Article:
A vegetable freak’s story, continued. If you’ve missed part 1, here it is. Enjoy!
My studies completed, I moved to Scandinavia and my lettuce addiction unexpectedly jumped up at me. Lettuce was so obvious that I didn’t even need it on my shopping list. My very diet-conscious parents have always kept my plate green, and the apple doesn’t fall far from the tree. So, I am one these annoying persons who can’t imagine pizza without lettuce. Or bread and cheese without lettuce. Or a sandwich without lettuce.
No, I am not ashamed to admit that I am a lettuce freak. Do you hear me, waiter? Don’t ever take my plate away before I have delightedly munched the ornamental lettuce leave. I HAVE NOT FINISHED!
Yes. That’s how bad it is. But I digress.
In my local scandinavian supermarket, lettuce came heavily wrapped in plastic. Option one: tiny lettuce hearts, ridiculously expensive. Option two: somewhat cheaper iceberg lettuce, local in the summer, otherwise from Spain. With the shameful purpose of getting my money’s worth of the vital greenness, I usually went for the later. Admittedly, overlooking two more layers of plastic, I spiced it up with a bit of arugula.
All this plastic gave me a guilty conscience. I loved it up north, but oh, how I missed that Breton farmer’s market! I subscribed to a vegetable delivery system whose website advertised beautiful, fresh, organic vegetables in returnable wooden boxes. It turned out that as far as the absence of plastic was concerned, the photos were, er, non-contractual. But that’s another story.
Half of the year, pretty much every week, there was a head of cabbage in the delivery. We were only halfway through last week’s, and the next one was already there. Cabbage was piling up in the fridge. My partner and I looked at each other in distress. Throwing food away was out of the question, but how on earth were we gonna get done with all this cabbage? It took us a few months to stop buying lettuce and start making coleslaw.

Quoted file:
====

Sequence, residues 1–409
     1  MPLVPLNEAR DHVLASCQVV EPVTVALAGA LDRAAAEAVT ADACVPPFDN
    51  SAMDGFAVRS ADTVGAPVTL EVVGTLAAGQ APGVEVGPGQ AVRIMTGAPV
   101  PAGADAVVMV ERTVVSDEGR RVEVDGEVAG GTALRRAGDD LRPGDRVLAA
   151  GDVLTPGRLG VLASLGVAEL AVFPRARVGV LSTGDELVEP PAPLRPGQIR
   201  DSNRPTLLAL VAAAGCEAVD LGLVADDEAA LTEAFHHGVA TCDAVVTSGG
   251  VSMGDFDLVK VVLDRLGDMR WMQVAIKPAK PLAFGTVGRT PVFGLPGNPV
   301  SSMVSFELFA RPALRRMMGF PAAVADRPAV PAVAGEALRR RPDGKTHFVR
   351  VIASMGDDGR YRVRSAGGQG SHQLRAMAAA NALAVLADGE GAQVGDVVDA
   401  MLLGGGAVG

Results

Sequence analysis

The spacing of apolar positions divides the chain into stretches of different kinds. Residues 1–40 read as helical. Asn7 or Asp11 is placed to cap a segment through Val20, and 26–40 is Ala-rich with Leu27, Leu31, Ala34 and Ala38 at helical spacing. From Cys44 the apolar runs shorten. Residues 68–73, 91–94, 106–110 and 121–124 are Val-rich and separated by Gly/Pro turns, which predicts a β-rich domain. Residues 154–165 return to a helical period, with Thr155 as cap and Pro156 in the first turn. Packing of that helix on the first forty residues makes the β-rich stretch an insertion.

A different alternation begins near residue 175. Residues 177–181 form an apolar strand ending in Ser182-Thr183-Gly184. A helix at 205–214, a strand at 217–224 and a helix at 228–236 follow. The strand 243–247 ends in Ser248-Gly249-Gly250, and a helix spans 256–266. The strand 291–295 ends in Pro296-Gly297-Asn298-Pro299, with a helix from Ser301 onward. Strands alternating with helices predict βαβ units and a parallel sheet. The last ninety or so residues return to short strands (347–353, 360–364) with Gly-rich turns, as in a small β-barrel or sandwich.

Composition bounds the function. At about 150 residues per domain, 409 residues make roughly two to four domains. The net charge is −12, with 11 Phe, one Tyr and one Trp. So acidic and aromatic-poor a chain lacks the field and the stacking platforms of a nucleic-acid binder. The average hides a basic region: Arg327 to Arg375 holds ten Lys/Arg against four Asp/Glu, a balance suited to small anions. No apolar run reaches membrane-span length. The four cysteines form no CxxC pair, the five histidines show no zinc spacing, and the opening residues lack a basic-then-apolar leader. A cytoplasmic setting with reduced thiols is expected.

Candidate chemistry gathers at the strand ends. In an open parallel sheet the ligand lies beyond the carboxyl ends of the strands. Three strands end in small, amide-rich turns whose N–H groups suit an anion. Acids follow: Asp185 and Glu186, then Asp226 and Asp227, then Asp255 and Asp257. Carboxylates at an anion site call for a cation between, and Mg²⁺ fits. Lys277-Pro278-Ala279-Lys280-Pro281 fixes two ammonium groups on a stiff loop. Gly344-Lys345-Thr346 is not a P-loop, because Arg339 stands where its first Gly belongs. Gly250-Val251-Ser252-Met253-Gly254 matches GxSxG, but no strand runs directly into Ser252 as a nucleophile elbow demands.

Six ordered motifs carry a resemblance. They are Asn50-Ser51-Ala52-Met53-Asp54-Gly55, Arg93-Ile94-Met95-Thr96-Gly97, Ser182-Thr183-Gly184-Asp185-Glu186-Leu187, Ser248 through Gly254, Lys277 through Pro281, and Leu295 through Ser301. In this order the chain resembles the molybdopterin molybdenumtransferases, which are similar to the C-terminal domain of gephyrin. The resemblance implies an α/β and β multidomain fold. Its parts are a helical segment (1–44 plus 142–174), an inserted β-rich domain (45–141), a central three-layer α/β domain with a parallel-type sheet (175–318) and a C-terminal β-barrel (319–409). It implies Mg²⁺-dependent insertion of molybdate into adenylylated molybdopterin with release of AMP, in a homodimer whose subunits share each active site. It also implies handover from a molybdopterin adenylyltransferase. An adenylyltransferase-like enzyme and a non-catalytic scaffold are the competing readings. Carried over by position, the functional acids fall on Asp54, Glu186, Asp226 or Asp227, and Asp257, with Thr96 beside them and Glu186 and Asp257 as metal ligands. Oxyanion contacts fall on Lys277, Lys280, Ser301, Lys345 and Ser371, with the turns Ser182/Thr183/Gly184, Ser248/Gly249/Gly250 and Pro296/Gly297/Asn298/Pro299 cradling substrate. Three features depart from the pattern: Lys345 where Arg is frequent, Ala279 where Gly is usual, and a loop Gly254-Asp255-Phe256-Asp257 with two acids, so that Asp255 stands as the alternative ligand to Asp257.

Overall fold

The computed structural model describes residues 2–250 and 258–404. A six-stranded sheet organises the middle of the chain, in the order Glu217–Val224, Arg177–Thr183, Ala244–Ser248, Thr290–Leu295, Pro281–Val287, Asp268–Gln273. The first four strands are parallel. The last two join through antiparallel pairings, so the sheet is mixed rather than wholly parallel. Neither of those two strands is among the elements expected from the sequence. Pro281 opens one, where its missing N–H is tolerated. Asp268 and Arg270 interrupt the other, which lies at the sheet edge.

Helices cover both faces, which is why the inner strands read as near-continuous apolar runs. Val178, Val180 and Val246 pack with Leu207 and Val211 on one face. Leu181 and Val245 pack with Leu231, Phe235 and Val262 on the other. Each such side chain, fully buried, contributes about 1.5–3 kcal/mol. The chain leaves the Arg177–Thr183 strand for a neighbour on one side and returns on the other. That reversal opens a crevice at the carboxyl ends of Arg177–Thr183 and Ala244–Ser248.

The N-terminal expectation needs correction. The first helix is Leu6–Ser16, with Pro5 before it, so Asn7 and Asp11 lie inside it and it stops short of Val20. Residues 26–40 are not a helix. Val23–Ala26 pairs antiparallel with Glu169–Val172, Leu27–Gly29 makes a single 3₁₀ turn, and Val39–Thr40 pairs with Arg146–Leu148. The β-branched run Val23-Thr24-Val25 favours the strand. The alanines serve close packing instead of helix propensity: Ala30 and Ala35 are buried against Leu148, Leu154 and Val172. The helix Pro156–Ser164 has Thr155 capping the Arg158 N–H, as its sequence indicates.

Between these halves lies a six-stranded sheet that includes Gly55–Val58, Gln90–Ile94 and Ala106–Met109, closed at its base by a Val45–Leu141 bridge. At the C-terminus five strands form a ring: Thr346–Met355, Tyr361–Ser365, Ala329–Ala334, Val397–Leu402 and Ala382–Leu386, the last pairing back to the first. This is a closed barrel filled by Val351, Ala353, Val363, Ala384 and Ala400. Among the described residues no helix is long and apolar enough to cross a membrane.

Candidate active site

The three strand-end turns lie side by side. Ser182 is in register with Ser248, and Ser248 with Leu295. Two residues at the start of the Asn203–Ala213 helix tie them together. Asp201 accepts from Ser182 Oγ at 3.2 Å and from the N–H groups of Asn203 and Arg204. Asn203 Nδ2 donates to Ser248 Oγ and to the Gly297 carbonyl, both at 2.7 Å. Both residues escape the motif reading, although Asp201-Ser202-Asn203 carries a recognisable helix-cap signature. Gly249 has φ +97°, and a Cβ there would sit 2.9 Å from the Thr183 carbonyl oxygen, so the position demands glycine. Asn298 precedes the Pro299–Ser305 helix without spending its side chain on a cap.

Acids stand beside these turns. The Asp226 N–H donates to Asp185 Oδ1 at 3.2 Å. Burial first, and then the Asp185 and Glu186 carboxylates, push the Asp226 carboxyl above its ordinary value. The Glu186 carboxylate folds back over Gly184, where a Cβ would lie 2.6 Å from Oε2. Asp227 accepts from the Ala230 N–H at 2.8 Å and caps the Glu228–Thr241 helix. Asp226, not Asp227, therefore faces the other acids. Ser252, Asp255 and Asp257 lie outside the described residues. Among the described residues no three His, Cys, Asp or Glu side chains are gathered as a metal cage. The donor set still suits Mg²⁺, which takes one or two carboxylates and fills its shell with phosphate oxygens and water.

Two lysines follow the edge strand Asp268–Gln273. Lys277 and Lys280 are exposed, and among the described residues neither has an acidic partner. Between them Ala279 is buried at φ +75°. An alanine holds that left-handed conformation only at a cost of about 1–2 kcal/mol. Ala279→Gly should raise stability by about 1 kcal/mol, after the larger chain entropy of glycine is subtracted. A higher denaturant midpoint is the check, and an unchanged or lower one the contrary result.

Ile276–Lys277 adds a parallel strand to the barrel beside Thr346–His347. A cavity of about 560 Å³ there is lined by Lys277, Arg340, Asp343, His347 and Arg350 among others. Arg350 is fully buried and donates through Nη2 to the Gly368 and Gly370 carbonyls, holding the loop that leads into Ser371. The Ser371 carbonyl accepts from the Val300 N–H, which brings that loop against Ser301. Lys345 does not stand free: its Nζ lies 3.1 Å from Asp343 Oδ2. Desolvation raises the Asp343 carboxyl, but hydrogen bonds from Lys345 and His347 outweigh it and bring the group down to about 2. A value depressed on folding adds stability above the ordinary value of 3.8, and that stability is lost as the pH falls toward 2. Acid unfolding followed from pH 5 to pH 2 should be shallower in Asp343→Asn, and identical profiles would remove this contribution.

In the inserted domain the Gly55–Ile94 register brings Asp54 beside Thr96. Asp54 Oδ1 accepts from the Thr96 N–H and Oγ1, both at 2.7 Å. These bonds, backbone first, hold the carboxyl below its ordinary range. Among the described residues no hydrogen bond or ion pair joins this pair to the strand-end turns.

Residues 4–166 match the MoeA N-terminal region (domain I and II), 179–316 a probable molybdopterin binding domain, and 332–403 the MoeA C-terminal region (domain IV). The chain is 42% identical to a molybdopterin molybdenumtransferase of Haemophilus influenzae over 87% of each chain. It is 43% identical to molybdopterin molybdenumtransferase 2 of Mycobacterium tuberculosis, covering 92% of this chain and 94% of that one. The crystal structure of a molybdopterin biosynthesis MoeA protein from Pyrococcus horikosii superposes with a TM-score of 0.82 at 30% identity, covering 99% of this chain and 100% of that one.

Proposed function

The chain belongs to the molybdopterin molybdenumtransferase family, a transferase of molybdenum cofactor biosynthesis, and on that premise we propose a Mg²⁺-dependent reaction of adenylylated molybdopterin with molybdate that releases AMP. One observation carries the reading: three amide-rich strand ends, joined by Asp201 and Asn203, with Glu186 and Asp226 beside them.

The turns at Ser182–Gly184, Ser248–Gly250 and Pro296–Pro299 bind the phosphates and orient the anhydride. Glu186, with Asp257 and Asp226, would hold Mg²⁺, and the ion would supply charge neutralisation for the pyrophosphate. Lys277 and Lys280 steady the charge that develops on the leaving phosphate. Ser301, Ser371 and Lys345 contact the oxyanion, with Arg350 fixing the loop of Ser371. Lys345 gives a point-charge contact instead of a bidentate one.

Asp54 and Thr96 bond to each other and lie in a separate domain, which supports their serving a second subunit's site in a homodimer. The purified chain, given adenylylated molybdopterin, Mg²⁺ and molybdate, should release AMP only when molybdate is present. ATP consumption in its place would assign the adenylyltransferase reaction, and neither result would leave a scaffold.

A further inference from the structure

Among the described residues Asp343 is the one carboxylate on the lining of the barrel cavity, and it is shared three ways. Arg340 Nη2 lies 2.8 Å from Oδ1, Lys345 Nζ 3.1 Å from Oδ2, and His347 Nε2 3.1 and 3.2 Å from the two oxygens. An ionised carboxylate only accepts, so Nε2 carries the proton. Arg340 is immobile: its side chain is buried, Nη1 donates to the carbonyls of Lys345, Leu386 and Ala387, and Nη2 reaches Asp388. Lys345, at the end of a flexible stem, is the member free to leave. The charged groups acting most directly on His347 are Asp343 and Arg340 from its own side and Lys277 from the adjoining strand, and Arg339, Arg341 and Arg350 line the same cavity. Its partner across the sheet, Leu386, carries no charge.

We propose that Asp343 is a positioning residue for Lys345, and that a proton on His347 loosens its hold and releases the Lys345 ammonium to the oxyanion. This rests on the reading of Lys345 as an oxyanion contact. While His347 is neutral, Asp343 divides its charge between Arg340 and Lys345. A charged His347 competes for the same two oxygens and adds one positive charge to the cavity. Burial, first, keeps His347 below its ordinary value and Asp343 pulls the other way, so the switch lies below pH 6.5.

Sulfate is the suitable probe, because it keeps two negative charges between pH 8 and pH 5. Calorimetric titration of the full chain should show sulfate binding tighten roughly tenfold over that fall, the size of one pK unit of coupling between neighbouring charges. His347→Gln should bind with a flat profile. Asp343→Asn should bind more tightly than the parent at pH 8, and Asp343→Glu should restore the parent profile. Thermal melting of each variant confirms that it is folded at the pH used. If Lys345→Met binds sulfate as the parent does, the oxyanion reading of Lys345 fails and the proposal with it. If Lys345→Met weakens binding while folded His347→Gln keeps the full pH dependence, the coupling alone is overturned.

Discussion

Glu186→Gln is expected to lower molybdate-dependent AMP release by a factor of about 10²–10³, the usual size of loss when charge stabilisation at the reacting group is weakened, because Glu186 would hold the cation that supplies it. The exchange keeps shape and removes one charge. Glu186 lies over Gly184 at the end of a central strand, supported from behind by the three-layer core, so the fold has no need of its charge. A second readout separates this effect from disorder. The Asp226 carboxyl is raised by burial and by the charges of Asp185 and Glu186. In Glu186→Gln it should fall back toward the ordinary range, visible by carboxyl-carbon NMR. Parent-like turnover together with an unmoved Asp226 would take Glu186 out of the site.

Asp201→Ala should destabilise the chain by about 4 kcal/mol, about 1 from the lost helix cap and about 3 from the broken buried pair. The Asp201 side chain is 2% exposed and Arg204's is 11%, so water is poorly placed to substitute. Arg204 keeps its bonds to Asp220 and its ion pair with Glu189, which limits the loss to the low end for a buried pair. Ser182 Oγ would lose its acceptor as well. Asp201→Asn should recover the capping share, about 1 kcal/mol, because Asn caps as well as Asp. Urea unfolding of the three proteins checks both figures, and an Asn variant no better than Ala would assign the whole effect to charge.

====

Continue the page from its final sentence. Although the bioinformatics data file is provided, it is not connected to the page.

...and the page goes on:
I realize now that for us who grew up in lands where lettuce can grow pretty much all year long, but also in a system where tomatoes can be found in the stores even when it’s snowing outside, winter vegetables were not much more than a necessary evil. Something you had instead. Something you ate because it was healthy, not tasty. That’s how my friend felt about broccoli. In our habits, in our culture, broccoli, like beetroot, had to be boiled. Cabbage had to be simmered for hours until all crispness was thoroughly destroyed. Crispness was to be found in lettuce – period.
Last saturday, we drove the 10 kilometers to the nearest grocery store, and came back happily with a huge head of local, organic cabbage. We feasted on a pile of roasted beetroot with goat’s cheese and rosemary. I suddenly realized that living here up north, and living frugally, I have trained my taste buds a little more. I don’t even look at this watery, tasteless iceberg lettuce in the store anymore. I rush straight at fresh, crispy local cabbage and juicy carrots. It is cripsness I want, not lettuce.
There is still – and always will be – a bottle of olive oil on the countertop. There is a slightly exaggerated supply of canned tomatoes in the cupboards. There are regular care packages with rosemary and thyme from my parents Provençal garden. You cannot just ditch your roots, can you? But as far as root vegetables are concerned, they should be roasted, damn it, not over boiled.
Over a delicious plate of roast beetroot, listening to the snow storm outside, I thought: there is no instead anymore.
PS: Photo of this fall’s farmer’s market goodness stolen, again, from a certain brother of mine.